Sunday, December 1, 2013

[Exceptionally] Pretty pictures: transmitted light -- Part LII

My last surviving grandparent died last week. This both was and was not a big deal, and consumed enough of my week that I was unable to work much on the blog, so posting will probably be light for a while until I can catch up.

Funerals remain horrible things that are not remotely consoling. I really have no idea why anyone would ever want one.1 There was more family politics involved with this one than with the other three grandparent funerals, about which I have Feelings, but this is probably not the place to describe those. Let's just say that I like the deceased less now than I did three months ago.2

While we wait for me to get new posts together, here is another batch of transmitted light photos.

(The previous transmitted light posts can be found here.)

Cordyline fruticosa.

Pilea nummulariifolia.

Solanum lycopersicum NOID.

Dracaena reflexa 'Riki.'

Acalypha wilkesiana cv.

Polyscias scutellaria.

Ctenanthe lubbersiana. (This one is probably my favorite from the set.)

Stapelia gigantea, petal.

Begonia NOID.

Quercus sp., autumn.


1 I can appreciate the value of bringing the whole extended family together, because that part is actually kind of pleasant. (If you like your extended family, anyway.) I can appreciate doing something special to give everyone some kind of closure. But, well.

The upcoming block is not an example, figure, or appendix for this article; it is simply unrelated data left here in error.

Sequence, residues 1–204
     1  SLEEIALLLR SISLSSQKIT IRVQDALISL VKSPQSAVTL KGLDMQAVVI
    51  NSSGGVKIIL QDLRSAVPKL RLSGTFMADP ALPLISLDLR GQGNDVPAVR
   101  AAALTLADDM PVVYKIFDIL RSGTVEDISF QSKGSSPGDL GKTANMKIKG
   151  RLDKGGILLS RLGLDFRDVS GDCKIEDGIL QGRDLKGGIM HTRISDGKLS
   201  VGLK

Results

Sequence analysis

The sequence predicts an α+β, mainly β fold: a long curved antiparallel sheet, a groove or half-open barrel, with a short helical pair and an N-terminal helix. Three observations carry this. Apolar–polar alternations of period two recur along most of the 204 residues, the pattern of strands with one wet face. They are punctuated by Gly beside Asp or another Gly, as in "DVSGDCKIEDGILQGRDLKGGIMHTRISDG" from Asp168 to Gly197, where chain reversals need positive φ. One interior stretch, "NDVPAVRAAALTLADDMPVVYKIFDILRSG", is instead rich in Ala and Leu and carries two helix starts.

Let's say somebody steals your car, but leaves a note behind telling you that they stole your car for a really, really good reason, a reason they decline to provide any specifics about. And then let's say that everyone you talked to about how your car was stolen immediately reacts with oh, that's too bad, but I'm sure they had a good reason for taking it, and well, you'll probably see the car again sometime, like on the street or something, right?, and how about we drone some songs at 1/4 speed about how awesome your car thief was: whaddya say? And you're all like, but I don't really want to sing about how awesome the car thief is, 'cause the fucker, you know, stole my car, and they're like but you have to sing, everybody's going to be expecting you to sing, if you don't sing then people are going to be upset.
This is what religious funeral services feel like to me, except more so, because people are more valuable than cars.
2 So in a roundabout way, I suppose the funeral was successful in making me feel less bad about the loss. Though I don't think that's how funerals are supposed to achieve that feeling.